This weekend I went to Bankstown Bites Food Festival. When I signed up to go on a few food tours with my cousin, I thought I’d be ushered around stalls, given a few bits of finger food on a toothpick and then buy some lunch and go home.
We were early, and I was tired, so we went in search of coffee. What we found was an Arabic coffee stand where we could lounge about on soft couches, chat with the people running the stall and have multiple, free cups of Arabic coffee. I was already mentally smacking myself for being so cynical.
At 1015, we lined up for our tour—Red, ‘Explore Saigon Place.’ We walked a short distance from the festival to Great Century Yum Cha. We were treated to prawn dumplings, calamari, custard tarts and special biscuits. It was almost as good as sitting down for a full Yum Cha. Did I mention that we only paid $5 to go on this tour?
After Yum Cha, we visited Vien Dong Traditional Chinese Acupuncture and Herbal Medicine. There, Jenny Lai spoke to us about her shop that has been in the same place since 1985. They treated us to some cleansing tea, gave us a cute little Chinese tea cup, and taught us all a little something about the benefits of looking after our spleens. We then went on to Dhuy Linh Grocery and had a guided tour of the store.
Our second tour was my favourite. This was the Green tour, which was all about fresh food and spices. At Valley View Continental Groceries and Spices, we were given a Lebanese tasting plate with a chicken skewer, corn, Lebanese bread, falafel, garlic paste and hummus. We loved the chicken and falafel so much that we practically ran inside the shop to buy the spice and felafel mix. The inside of the shop smells amazing—great bins of every spice you can imagine made me hungry, even though I was fast heading towards full.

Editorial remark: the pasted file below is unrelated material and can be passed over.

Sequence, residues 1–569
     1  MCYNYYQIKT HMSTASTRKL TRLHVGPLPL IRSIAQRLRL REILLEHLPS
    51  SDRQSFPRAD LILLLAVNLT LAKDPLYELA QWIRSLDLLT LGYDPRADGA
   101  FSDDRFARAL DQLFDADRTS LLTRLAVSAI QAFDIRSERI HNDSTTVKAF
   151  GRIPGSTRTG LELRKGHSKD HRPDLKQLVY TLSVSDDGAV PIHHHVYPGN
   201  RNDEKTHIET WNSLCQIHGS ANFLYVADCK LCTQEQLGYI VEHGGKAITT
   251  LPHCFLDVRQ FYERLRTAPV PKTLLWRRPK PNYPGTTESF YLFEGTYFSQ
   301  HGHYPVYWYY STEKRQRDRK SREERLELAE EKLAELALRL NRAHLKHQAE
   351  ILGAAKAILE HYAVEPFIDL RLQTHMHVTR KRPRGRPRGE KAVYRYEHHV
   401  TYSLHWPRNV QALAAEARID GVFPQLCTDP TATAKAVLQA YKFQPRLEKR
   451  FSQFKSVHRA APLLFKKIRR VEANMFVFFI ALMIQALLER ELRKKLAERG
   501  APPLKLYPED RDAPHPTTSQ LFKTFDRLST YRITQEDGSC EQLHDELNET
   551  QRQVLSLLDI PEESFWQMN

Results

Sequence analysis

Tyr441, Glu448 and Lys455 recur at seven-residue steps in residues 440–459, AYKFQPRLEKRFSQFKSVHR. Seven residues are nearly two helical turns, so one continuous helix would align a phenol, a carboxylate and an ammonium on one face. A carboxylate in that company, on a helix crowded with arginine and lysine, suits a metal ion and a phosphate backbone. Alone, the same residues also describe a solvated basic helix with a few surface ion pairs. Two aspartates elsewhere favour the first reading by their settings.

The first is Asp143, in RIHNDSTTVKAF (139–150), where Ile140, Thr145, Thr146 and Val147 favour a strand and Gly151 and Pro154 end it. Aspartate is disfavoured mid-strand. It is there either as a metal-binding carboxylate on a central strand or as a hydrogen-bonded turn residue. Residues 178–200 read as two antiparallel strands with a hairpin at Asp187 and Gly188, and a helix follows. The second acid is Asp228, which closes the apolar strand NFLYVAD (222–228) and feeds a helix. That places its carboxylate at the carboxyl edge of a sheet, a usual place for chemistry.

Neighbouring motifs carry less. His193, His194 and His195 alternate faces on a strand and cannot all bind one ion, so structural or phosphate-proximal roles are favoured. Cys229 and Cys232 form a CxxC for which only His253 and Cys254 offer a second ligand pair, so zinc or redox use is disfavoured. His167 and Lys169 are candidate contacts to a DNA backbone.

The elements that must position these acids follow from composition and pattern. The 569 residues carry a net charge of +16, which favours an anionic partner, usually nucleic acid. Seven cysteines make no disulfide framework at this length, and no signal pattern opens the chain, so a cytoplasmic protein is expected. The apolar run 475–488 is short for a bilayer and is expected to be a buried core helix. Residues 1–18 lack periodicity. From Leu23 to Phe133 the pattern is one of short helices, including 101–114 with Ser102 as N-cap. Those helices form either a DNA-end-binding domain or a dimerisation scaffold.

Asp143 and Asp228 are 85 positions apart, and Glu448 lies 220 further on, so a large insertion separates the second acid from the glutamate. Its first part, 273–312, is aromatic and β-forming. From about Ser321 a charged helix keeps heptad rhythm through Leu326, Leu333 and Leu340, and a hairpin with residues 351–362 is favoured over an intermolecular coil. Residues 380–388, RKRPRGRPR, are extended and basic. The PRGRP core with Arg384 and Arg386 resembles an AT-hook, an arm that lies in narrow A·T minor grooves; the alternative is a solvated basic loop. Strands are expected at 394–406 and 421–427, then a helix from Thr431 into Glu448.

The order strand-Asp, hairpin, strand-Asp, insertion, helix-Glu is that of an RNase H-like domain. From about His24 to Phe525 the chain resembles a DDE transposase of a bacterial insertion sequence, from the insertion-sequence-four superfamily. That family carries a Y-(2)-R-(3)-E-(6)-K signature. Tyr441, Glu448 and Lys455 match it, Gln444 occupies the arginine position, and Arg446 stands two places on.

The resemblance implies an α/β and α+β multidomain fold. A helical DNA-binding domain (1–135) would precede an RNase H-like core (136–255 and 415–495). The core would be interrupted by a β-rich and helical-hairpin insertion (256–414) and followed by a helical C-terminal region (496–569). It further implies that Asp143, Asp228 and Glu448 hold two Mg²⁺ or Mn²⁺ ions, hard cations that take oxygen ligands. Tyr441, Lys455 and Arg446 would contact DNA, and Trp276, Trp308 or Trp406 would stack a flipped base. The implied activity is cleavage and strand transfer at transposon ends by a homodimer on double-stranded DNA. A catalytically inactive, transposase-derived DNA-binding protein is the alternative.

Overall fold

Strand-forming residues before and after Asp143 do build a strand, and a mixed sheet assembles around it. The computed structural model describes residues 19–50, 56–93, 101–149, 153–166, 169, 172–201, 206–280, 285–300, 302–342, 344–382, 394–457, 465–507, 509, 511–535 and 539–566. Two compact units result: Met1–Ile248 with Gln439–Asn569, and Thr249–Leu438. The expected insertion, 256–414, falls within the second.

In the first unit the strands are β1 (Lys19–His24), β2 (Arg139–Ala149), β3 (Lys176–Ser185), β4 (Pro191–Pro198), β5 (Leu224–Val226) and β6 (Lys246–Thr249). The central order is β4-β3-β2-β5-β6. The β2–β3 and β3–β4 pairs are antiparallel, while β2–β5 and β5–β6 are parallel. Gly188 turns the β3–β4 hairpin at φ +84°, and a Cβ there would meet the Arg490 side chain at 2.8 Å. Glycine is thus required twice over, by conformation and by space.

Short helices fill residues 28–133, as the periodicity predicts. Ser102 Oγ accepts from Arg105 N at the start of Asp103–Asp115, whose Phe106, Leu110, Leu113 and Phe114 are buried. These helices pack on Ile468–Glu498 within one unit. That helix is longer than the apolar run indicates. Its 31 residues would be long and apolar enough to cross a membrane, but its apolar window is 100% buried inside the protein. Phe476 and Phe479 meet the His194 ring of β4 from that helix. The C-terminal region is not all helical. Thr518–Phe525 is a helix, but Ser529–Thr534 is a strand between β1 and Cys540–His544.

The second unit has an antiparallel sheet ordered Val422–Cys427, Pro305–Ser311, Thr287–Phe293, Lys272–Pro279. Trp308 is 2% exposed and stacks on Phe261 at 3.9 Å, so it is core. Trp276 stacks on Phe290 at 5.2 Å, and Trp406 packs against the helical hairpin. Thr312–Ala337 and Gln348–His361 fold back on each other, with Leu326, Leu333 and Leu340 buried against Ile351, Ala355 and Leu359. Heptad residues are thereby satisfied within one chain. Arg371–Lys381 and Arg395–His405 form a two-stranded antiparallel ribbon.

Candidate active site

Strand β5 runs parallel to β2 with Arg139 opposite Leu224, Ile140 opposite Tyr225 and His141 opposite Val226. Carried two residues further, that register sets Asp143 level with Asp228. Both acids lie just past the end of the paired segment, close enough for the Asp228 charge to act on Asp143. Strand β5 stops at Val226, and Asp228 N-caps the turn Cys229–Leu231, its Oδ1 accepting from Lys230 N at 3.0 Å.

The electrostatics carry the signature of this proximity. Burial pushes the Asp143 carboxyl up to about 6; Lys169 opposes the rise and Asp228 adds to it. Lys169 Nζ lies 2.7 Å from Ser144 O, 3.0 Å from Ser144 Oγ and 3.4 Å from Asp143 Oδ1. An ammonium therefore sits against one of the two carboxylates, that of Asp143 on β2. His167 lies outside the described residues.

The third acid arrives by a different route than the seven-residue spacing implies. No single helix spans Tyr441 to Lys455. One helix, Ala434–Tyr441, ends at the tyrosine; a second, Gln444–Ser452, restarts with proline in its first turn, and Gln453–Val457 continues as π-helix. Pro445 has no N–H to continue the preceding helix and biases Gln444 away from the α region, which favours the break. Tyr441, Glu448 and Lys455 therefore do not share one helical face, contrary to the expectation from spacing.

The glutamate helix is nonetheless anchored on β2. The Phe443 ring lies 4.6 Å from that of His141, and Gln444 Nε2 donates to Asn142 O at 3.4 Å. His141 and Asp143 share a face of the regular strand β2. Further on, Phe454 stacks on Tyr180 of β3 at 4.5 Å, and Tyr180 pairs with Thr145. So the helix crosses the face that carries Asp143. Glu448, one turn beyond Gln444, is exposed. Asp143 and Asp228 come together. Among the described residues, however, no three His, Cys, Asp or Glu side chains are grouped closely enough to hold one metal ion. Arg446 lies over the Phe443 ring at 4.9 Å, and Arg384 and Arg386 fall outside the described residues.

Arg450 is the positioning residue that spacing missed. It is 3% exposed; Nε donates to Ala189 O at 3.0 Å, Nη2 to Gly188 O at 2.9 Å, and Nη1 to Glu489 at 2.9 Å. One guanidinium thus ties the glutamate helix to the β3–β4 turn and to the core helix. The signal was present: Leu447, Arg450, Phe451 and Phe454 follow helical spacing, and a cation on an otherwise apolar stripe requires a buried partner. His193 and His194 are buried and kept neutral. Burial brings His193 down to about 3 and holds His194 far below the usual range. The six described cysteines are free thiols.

We then moved on to Izvor Deli where we tried a Macedonian Sausage, sheep’s milk cheese and avjar (capsicum) dip. Our last stop was BC Homestyle Bakery where we were given bread, strudel, scones and muffins. This tour, was $5 as well.
Before we went on our last tour, my cousin and I went to explore the stalls at the actual festival. There was so much good food. This wasn’t carnival food (though there were chips on a stick), or the sort of tasting plates you get at other food festivals. These were local businesses showing off their wares. We had another Middle Eastern Coffee and then kids from the local Multicultural Youth Centre showed us, for $5, how to roll perfect rice paper rolls. I was really excited about this as I had never really had the knack of keeping the stuffing in the roll.
We split up for the last tour (the afternoon tours were nearly all full when we booked). I went to the European Delights tour. The Olympic Deli was closed but they sent us a lovely platter Bankstown Cellars. We enjoyed olives, cheese, salami, and dips with tastes of Amaretto, wine, vodka, aperitifs… it was very good. Our last stop was Four Star Burek. I was getting very, very full by this stage, but when they set the hot, flaky pastry filled with feta and spinach in front of me, I made room.
I spent the rest of the afternoon lounging about in the winter sun, enjoying a very full, contented tummy. This was the best food festival I have ever been too—it was more than just a chance to learn about new techniques and new foods, it was introducing me to businesses that I will go back to and it was showing off the great, multicultural aspects of Bankstown City. I hope other cities have it, because what a great opportunity for me to learn about different areas in Sydney.